I did everything for my license in the UK -passed the written test with a perfect score- but did not get a time for my driving exam before I actually had to leave the country. Since I’d learnt how to operate a vehicle, though, as soon as I got to Sweden I studied for the written test until I knew the book by heart, went in… and failed, and gave up all together. I have since learned that apparently the only way to learn is to go to a driving school and sit through endless example questions until you just sort of “get” their way of thinking. Being able to recite all the rules backwards and forwards did me no good at all.

    Now I won’t have time to get my license before I too move to France, so I am crossing my fingers hard for you! Just the fact that you’re getting through this gives me a glimmer of hope. 😉

  5. Wow! I can’t believe how hard it is to get a license. What a great business for the people who hold those classes everyday, but what a difficult time for people like you who are getting their license. You’ll do it! You’re probably overprepared.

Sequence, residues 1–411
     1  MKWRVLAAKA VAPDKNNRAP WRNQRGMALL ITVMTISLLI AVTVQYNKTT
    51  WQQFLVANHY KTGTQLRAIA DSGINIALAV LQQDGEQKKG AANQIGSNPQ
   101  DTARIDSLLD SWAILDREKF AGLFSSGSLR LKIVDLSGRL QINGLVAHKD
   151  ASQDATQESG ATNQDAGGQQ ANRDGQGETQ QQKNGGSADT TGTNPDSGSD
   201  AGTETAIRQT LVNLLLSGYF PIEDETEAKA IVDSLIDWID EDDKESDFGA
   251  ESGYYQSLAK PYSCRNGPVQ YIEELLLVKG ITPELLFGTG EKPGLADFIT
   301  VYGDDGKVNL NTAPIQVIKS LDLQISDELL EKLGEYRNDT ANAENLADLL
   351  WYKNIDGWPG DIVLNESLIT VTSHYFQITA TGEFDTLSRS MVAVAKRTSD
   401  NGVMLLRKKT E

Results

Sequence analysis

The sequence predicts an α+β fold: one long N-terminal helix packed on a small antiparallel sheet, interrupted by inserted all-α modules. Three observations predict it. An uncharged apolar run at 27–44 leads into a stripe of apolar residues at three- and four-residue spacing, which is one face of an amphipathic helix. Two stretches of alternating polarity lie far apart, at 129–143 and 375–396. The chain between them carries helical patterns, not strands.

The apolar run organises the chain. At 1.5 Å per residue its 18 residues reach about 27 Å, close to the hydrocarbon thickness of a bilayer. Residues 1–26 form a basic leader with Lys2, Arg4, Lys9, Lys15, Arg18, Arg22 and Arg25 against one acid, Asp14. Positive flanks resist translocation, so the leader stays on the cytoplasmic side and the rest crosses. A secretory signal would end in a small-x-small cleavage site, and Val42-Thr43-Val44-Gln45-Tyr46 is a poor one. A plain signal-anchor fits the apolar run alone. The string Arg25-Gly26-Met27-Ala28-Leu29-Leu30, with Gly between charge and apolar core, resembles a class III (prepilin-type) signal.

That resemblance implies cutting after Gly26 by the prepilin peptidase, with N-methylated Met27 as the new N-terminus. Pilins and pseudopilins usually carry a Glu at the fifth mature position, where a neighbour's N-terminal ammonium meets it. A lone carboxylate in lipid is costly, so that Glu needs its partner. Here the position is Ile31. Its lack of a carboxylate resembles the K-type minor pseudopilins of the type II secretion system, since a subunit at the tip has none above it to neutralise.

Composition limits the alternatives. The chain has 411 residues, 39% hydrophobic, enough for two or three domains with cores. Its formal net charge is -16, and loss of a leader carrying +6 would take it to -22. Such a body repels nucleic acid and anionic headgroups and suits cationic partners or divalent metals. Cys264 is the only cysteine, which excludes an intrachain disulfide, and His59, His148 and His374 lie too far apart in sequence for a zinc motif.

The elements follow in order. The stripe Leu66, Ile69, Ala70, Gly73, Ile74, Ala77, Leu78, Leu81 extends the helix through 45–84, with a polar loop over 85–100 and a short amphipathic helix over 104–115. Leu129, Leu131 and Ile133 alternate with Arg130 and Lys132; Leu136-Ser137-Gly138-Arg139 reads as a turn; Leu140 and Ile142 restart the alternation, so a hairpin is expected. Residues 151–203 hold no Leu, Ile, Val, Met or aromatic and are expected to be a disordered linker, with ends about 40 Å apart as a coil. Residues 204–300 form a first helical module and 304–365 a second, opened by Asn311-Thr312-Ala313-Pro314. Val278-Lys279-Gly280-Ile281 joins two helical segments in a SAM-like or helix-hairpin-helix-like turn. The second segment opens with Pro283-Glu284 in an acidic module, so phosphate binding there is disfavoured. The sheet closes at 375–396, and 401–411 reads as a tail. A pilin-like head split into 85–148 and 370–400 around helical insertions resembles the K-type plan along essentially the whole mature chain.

6. I have a really dumb question. What about an international drivers’ license? Can’t you get one of those and just use it? Like forever?

    I know it is easy to get a license in Florida, but don’t you have to have residency there?

  7. While I’m sorry you’re having a bit of a hard time with this, I’m also glad to see that some countries take the business of driving very seriously. I assume the road skills part of your test will be just as stringent? Over here they just give anybody a license. They gave me one and I didn’t have a clue what I was doing. They’ve made the process a bit tougher since then, but it’s still incredibly easy to legally get behind the wheel of a car — and we have the accident statistics to prove it. Good luck! At least you’ll be well-prepared.